Ruggero Piccoli is one of the many contacts I met thanks to my blogs about microstock (this one, and another one in Italian I founded some years ago).

Most of these photographers and video makers are not professional, but just people who have a job and love to spend their spare time shooting. From the microstock business, they probably don't earn much (though a few hundred dollars per month can be a good income when you already have a salary) but I'm sure that without selling:

  • stock images
  • stock footage

and, more than that, without having a great excuse to spend more time practicing their passion, the lives of these amateur producers would not be as good as they are today, thanks to microstock.

Daniele Carrer

Video maker Ruggero Piccoli while shooting aircrafts

Interview with Ruggero Piccoli, founder of a YouTube channel that shows aircrafts flying and stock footage producer.

You are an engineer, an expert in energy saving for buildings, you have a consistently updated YouTube channel, and you're a microstock producer. In other words, you are an example for all those who don't start creating stock images and stock footage because they say they don't have time, right?

I graduated as a management engineer in 2001. I have always worked in the IT industry: first as an IT manager for a medium-sized company, before I was recruited by a bigger one.

Then, I turned from being one of those who buys the software to one of those who produces it. I co-founded – with five other people – a company that develops software, which is now part of a multinational company, for which I am used to talking in English, and which is helping me to spread my videos.

In 2008, I attended a course that helped me to learn how to save energy in buildings, because I had to renovate my grandfather's house. Today, I live in that house; in winter, it is warm, and I spend very little for heating.

The passion for photography

I have had a passion for photos since I was a child. I started taking pictures, when I was in primary school, with a 35mm compact camera that my grandfather gave to my mother for her 18th birthday.

I could choose between 4 or 5 diaphragms and shutter speeds.

It didn't have the exposure meter, so I guessed the exposition and found out if I had done well only after developing the film.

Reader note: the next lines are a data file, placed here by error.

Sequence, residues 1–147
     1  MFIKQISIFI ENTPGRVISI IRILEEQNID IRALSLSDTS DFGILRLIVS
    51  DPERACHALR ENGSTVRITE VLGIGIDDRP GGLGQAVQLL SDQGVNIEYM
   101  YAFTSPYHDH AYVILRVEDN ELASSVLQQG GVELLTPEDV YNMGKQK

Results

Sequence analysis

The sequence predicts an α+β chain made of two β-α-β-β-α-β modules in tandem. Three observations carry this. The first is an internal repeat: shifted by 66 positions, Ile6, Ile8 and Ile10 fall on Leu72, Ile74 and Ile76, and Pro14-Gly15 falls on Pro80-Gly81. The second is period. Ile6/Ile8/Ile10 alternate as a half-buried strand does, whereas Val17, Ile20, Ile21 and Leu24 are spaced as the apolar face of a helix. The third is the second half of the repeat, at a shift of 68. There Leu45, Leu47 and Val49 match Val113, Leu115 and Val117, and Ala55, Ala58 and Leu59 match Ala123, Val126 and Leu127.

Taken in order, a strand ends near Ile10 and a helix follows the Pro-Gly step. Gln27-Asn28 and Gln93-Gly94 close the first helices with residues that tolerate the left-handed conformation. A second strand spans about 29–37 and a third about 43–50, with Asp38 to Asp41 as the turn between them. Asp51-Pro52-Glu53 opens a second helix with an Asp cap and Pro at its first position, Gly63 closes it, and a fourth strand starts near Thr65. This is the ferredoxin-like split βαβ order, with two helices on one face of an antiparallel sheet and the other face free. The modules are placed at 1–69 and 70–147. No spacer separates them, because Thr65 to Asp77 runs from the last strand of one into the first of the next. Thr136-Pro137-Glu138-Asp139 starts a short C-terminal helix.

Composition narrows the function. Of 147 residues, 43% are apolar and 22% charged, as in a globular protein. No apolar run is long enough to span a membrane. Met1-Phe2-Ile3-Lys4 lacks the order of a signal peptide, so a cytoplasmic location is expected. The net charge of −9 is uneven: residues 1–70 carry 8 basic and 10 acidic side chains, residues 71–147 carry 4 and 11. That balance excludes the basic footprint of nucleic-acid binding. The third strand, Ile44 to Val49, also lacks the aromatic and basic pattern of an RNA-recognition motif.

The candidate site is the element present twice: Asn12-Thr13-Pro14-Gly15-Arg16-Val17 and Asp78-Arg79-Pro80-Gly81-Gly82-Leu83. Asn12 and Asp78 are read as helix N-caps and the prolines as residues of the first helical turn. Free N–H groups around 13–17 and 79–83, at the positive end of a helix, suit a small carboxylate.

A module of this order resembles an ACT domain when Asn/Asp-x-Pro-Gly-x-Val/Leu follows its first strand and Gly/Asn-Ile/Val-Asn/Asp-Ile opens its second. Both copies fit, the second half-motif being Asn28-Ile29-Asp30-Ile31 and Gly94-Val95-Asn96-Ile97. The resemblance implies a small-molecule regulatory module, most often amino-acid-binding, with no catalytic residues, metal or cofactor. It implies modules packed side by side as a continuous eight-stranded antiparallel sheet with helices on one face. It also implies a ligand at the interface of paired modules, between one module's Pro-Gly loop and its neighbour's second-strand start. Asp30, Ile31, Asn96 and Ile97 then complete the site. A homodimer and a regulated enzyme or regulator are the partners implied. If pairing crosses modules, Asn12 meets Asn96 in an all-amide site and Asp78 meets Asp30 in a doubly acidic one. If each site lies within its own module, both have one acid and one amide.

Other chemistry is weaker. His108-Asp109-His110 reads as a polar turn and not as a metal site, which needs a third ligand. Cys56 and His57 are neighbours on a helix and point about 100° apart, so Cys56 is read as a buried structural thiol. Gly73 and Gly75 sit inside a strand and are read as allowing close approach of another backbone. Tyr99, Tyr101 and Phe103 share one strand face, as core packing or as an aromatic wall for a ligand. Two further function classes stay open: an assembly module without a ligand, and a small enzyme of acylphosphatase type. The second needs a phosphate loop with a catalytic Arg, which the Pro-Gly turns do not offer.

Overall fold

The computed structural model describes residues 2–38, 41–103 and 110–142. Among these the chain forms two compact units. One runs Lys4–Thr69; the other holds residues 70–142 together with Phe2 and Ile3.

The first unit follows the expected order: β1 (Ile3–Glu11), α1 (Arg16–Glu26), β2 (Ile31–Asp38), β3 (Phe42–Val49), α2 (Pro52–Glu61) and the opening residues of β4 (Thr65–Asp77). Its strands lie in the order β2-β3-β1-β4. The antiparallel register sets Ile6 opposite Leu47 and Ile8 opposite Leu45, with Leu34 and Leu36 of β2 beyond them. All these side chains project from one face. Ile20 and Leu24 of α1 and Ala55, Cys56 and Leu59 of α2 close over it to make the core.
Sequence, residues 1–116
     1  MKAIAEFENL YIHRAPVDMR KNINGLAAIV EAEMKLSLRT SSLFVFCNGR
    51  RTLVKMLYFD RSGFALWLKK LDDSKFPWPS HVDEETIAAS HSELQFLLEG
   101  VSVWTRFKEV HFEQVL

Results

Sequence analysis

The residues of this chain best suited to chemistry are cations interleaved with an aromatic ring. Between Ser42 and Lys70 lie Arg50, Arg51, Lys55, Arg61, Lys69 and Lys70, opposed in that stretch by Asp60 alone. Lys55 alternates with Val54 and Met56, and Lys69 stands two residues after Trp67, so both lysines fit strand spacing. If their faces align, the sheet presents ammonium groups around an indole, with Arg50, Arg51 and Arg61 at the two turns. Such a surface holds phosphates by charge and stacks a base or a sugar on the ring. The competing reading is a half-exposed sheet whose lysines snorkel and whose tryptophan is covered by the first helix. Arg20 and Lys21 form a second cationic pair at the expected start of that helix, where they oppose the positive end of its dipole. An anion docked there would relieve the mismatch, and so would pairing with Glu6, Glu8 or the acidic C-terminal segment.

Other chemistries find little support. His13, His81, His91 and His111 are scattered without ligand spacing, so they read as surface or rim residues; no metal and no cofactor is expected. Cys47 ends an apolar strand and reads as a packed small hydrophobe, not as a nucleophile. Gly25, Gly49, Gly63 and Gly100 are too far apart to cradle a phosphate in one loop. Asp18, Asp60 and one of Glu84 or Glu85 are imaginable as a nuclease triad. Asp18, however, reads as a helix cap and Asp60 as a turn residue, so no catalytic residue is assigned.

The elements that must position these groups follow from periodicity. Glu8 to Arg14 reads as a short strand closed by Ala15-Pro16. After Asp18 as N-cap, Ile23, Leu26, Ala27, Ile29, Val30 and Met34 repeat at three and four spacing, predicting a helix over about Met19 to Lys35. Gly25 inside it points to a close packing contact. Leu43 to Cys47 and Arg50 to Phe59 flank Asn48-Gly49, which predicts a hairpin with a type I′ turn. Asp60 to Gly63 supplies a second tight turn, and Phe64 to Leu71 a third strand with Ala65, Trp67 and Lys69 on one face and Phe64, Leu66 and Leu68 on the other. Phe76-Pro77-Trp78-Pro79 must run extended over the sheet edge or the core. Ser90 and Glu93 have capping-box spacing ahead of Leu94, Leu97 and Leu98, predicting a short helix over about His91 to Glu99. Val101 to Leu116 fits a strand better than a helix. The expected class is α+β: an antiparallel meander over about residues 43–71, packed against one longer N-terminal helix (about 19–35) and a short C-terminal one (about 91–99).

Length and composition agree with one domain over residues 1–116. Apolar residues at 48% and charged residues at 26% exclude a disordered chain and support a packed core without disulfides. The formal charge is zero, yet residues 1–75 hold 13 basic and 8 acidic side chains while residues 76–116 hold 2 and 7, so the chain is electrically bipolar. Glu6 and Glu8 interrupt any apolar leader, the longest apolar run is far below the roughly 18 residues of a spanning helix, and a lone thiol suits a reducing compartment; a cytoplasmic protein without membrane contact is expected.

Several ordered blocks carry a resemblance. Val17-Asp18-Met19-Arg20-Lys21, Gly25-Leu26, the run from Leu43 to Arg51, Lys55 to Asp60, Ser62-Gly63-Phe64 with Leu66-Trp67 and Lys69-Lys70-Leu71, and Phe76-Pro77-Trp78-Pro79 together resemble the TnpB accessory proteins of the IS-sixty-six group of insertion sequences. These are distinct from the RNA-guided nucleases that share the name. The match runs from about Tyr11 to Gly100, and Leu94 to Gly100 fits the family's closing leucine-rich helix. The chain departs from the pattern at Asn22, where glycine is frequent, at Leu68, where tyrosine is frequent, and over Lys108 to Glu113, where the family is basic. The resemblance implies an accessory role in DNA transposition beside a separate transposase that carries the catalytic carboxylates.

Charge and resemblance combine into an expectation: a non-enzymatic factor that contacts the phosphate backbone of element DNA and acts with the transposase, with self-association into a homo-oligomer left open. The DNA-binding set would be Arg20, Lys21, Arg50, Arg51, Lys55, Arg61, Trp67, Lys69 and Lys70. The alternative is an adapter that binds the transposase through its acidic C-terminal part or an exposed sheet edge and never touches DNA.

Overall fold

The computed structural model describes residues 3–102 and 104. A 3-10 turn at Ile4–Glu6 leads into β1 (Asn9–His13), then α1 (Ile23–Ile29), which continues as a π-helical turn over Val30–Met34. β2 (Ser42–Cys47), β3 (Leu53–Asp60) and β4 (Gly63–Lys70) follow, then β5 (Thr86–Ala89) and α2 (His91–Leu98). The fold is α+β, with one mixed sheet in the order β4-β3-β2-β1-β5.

In 1981, my father bought a reflex; I think it was more or less like buying a small car today. He gave me the authorization to touch it after about a decade. With that camera, I took my first aeronautical shots in a couple of small touristic airports near where I lived.

In 1990, I finally had a camera with a light meter and a wider range of shutter speeds and aperture sizes.

In 2001, with my first salary, I bought a Canon SLR with two lenses, a wide angle and a zoom. In 2008, I bought a digital SLR: the Canon EOS 400D.

Specializing in aircraft videos

I started creating videos of aircraft years after because I loved photography the most; I took a MiniDV camera in 2007, but I began to use it later.

As a child, with my father, I went to a small touristic airport almost every Sunday. Since the 1990's, I’ve toured the airshows – first only in Italy, then also abroad. For example, I have just returned from Astana, in Kazakhstan, where I filmed the Kadex.

To shoot video of planes, I also attend:

  • military exercises
  • open days
  • other events reserved for the press

Video maker Ruggero Piccoli while shooting a Ryanair aircraft

My YouTube project

Flight Video & Photo (my YouTube channel) was born by putting together my two passions:

  • photography
  • aviation

It was 2011, and, on TV, there wasn't anything interesting. So, I tried to find something to make my evening less boring. I had the photos of the last performance of the Alpi Eagles – the Italian civil aerobatic team (to read their story, I recommend this page, which I helped to write) – which took place in Thiene on October 14th, 1990.

I thought that digitalizing them and posting the video online after 21 years would have been interesting for many enthusiasts. For my company, I had already created and published video tutorials and commercials of our software.